The present findings raise the question of how the WM abnormalities identified above (CC, PLIC, SCR, CP, and SLF) might explain FOG. Youn et al. [41] performed a region-of-interest (ROI) analysis on DTI data and found that the FA values of the bilateral PPN, bilateral PM, right orbitofrontal area and left SMA were lower in the ARWMC patients with FOG compared to those without. Their finding partly concurs the present result, which showed that the FA in the SLF close to the PM, and also in the CP close to the midbrain PPN, was correlated with FOG. The areas detected slightly differed probably because of the difference in the methodology, especially the spatial normalization procedure (TBSS versus ROI analysis). The present result suggests that multiple neural substrates related to the control of walking may be involved in FOG in consistent with the study by Youn et al. [41]. This notion favors the view that FOG is likely to be a clinical condition resulting from multiple pathophysiological issues involving one or more nodes of the neural network regulating walking behavior. Since visual stimuli or some other extra cues can help or exacerbate FOG [31], the phenomenon might emerge when extra demands for sensory, cognitive, or emotional processing overburden the damaged neural substrates.

Limitations of this study

We enrolled patients who were regularly visiting a neurology outpatient clinic. Thus, the population might be different from those who were diagnosed as having ARWMC in radiology departments or in general elderly population. Therefore, a further study will be required to test if the present finding can be generalized to those population.

In the present study, we focused on the relationship between WM abnormality and FOG. We employed a relatively small number of subjects to perform a comprehensive investigation. Since there is no established objective measure of FOG, we avoided classifying subjects with FOG and those without, and used FOGQ as a parameter for a correlation analysis instead. Because of this strategy, we have included the subjects who did not clearly present FOG, which is often invisible at the physician’s room. To reduce ambiguity regarding the subject selection, we did our best to discriminate FOG and general gait disturbance in the multiple regression analysis, but it would still be difficult to discuss the mechanisms of FOG completely segregated from those of gait disturbance in general.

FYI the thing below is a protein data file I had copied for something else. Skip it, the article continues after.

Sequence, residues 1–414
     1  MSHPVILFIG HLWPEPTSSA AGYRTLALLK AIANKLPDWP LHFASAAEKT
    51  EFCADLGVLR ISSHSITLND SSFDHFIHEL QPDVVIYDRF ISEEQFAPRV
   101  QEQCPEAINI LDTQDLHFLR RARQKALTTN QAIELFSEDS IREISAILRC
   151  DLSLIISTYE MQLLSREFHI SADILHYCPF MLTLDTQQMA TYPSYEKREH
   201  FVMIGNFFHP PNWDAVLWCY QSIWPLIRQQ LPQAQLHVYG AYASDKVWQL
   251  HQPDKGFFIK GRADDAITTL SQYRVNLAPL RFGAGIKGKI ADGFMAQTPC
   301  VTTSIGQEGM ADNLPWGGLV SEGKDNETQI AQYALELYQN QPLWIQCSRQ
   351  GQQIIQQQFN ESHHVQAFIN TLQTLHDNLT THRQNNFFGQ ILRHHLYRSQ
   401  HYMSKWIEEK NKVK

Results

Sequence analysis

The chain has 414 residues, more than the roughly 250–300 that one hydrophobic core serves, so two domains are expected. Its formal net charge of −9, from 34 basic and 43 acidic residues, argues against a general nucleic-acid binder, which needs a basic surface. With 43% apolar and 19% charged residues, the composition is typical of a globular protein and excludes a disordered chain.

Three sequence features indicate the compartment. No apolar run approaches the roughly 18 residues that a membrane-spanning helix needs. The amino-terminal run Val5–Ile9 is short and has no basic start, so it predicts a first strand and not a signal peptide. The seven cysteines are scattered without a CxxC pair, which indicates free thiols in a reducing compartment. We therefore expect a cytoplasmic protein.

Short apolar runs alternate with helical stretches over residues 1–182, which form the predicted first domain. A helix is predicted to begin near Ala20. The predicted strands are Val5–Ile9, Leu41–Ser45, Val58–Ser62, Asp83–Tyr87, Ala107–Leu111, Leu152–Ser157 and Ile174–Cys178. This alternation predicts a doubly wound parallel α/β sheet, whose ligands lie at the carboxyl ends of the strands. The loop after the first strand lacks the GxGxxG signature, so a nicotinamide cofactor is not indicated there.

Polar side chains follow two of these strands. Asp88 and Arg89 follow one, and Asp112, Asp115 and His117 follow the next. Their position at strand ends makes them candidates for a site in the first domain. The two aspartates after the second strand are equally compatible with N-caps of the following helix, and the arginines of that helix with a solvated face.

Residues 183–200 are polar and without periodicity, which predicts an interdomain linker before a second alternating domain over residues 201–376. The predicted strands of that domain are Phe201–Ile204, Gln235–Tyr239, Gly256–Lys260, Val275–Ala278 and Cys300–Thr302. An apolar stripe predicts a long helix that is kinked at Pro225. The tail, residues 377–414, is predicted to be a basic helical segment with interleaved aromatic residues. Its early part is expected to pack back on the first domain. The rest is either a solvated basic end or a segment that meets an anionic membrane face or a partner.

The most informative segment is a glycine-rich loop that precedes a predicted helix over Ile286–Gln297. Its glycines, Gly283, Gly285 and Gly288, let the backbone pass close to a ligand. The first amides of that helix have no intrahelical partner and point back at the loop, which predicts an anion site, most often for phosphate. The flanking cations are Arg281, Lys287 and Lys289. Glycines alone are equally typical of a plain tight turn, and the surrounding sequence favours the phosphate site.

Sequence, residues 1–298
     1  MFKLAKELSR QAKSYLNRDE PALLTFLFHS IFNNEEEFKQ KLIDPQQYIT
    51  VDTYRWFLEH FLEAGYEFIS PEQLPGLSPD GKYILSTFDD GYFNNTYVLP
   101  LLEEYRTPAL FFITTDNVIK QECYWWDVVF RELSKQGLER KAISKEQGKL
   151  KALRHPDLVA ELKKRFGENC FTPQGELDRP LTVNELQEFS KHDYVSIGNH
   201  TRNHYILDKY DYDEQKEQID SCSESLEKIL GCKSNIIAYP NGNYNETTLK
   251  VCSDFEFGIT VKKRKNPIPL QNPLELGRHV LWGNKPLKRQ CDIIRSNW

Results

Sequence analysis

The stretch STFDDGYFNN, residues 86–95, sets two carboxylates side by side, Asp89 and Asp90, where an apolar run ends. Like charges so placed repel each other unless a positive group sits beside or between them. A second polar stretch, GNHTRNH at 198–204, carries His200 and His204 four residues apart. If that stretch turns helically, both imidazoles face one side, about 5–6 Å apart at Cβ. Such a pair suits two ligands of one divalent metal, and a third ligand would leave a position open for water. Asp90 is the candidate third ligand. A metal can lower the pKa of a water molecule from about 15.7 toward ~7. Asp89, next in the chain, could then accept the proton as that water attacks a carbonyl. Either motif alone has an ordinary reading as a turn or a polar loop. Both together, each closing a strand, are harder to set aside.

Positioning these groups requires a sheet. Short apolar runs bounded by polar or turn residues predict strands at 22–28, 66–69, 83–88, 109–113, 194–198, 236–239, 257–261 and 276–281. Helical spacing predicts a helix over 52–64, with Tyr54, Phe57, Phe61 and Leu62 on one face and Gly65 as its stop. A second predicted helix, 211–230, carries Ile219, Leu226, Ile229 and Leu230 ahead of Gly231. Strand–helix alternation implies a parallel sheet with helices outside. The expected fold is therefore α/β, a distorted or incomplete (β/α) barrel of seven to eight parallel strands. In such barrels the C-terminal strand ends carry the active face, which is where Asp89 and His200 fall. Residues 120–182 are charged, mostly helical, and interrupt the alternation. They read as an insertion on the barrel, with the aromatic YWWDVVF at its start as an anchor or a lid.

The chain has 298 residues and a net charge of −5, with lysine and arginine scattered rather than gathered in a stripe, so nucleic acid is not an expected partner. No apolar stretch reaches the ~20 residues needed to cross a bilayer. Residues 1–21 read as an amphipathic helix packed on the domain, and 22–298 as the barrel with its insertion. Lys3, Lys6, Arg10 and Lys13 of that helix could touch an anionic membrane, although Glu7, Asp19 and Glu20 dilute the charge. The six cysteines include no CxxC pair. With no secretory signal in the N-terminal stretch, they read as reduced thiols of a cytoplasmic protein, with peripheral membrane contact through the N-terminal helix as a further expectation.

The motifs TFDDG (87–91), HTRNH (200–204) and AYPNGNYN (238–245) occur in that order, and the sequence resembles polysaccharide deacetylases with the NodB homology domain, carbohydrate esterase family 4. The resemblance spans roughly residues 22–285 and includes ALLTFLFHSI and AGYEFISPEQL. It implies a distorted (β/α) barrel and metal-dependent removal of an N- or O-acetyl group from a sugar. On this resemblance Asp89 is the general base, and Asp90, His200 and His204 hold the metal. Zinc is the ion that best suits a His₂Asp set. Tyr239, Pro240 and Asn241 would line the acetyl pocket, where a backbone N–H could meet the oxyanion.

In the present study, we used the T2-weighted images only for the purpose of subject recruitment, but did not analyze these non-quantitative data. We reviewed the individual T2-weighted images of each subject, and visually investigated if the regions detected in the DTI analysis corresponded to ARWMC regions in the T2-weighted images. In most of the subjects, ARWMC were present in all the detected regions except for the CP. This result is reasonable since we tested the correlation between the FOGQ scores and the diffusion parameters, which should reflect different aspects of anatomical structure seen in the T2-weighted images. For example, as minor reduction of white matter integrity resulting from remote ischemic lesions would be captured by DTI, but not necessarily by T2-weighted images. Future research comparing DTI and quantitative T2-weighted images is awaited. We discussed FOG mainly in relation to the underlying pathophysiology of FOG in PD. The symptoms of FOG seem very similar across different diseases such as PD and other types of Parkinsonism. However, it remains unclear whether the mechanisms underlying FOG are shared across related diseases. Therefore, caution must be exercised in generalizing the mechanisms of FOG suggested here. Future studies are necessary to compare the mechanisms of FOG across different diseases.